Ferrer and Berdych just could not keep up with this. Against each other, they both did keep up -- for six hours of testing each other's will and skill. Roger Federer, in his prime -- but, precisely, many observers think the man still is in his prime, the last two years of sub-prime notwithstanding -- moved with no less energy, but because he moved with so much more grace ("classic form" is the tennis term), and because he had such an unsurpassed ability to control the point (forcing your opponent to respond to your shots and choosing the moment to "put it away"), he sometimes makes observers forget what a fantastic athlete he is, too. In the semifinal match with Nadal, the critical question was whether Federer would maintain control of the point over three sets. You need three out of five. Federer had not dropped a set through the tournament. This itself was evidence of his control, his foresight (saves energy, limits risk of injury, maintains mental focus), the return to prime. Note that "sub-prime," in his case, means not being number one and not winning a Slam (major) in 2011.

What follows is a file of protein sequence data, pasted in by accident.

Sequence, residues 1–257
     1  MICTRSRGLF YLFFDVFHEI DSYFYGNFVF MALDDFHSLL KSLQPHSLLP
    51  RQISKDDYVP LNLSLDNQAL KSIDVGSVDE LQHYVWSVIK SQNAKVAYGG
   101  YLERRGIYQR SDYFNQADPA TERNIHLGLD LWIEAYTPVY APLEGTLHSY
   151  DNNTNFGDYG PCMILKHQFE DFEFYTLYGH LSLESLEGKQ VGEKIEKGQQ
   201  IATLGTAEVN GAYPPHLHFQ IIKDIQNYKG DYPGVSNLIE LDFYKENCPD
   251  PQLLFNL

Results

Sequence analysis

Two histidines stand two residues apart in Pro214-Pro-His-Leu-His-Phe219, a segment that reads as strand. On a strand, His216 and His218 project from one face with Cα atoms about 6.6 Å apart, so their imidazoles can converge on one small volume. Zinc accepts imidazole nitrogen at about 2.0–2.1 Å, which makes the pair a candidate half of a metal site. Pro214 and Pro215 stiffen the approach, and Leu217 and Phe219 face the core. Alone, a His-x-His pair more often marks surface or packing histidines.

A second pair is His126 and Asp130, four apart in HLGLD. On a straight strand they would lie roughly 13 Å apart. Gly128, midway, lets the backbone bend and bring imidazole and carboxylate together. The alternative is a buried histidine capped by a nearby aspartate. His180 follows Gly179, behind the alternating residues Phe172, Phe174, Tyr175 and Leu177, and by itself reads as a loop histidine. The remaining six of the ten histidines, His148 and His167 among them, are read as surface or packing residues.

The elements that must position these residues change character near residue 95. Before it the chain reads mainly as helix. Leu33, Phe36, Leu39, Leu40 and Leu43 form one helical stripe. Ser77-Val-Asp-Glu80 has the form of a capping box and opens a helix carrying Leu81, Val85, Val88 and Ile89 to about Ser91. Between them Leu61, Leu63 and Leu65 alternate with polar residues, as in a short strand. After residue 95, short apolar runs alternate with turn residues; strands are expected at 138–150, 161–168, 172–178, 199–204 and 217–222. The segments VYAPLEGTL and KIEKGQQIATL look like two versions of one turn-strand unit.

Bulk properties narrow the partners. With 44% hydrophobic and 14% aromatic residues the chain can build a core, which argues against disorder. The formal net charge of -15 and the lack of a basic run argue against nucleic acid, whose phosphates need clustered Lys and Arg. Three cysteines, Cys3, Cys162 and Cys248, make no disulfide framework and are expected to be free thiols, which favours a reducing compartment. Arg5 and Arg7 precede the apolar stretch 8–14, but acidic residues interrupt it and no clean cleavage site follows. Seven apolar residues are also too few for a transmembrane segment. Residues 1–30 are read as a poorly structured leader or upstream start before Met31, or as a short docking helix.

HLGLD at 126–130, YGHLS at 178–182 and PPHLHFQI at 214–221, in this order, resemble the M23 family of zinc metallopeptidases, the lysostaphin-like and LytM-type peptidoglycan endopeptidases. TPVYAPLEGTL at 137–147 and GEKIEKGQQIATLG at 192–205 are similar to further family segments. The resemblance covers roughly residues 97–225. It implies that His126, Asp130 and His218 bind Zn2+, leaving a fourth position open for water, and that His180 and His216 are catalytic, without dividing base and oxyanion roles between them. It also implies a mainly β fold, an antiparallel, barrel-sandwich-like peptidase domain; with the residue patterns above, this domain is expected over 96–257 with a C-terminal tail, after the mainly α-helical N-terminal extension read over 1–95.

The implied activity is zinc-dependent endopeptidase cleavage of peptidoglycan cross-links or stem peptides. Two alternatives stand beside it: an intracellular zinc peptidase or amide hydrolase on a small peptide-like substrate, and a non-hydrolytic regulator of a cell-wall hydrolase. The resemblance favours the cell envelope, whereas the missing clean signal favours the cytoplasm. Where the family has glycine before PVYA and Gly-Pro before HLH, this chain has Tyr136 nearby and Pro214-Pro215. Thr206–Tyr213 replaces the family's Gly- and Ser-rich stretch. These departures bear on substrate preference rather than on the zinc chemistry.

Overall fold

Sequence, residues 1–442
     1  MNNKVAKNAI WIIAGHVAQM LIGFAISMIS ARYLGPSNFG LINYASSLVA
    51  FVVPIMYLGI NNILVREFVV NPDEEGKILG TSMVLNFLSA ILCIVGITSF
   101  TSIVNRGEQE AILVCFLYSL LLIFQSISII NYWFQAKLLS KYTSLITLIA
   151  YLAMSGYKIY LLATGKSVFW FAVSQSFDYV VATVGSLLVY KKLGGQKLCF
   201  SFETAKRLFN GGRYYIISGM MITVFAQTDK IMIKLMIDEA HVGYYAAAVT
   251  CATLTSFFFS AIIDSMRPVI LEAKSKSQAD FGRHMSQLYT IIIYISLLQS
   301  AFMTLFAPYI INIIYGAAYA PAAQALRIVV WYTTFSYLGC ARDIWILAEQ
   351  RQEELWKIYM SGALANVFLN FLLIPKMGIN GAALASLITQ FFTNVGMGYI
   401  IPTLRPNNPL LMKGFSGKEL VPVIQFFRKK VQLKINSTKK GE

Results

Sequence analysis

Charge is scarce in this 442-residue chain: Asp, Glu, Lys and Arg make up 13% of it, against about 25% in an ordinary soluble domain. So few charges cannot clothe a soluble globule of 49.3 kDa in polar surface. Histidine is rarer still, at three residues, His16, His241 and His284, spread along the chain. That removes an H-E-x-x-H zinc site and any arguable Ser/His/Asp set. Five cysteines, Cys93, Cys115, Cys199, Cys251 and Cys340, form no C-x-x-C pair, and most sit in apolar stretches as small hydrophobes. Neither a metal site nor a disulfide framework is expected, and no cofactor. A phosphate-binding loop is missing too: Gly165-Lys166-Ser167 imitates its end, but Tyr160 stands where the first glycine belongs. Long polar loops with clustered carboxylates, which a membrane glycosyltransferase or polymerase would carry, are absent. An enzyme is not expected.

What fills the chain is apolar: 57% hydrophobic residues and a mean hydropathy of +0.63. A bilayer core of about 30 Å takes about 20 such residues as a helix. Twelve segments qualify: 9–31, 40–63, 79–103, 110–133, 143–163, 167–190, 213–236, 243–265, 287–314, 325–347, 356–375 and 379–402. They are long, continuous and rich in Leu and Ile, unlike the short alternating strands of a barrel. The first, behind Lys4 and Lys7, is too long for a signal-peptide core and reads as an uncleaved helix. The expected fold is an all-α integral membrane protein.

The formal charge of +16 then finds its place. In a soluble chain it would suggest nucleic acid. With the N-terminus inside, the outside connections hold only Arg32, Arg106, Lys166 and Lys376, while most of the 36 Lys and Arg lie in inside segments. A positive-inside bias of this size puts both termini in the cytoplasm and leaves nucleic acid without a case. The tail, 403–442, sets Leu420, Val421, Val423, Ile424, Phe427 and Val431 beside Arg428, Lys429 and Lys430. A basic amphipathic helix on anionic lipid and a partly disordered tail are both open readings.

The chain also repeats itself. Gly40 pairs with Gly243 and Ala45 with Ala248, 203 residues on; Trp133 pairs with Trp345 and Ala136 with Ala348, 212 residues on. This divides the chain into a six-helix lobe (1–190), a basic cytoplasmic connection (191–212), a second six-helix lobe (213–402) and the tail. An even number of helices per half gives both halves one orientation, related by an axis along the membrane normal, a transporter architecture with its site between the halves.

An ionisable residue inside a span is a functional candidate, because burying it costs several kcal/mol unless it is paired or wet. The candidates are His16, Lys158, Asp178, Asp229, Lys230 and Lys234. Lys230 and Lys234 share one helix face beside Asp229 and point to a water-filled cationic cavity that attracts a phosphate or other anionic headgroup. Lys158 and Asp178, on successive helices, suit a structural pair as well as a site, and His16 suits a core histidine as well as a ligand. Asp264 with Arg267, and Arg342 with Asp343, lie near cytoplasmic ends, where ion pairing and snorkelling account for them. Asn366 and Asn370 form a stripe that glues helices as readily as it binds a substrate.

Federer and Nadal were head to head rivals in the '00s, but with the emergence of Djokovic and Murray into the top four, there has been the faintest hint of a grudge on Nadal's part. A rivalry is where you say, I want the same thing you want and I am going to get it because I am better than you. A grudge is I want what you have and you are keeping me from getting it and not necessarily because you are better, although objectively someone is better (hence Professor Tucker, "Don't you want to be Number One, Lewis?" and Mr. Lapham refusing to be baited, holding no grudges, implying a rivalry with these-all -- he is from San Francisco, star reporter on the Herald before a long and distinguished career in magazine journalism -- is not of any interest. But Professor egged him on, you either do want it -- a rivalry -- or you are grudging Norman his fame, though in what circles? Did Lewis want fame in the same circles? No one asked.)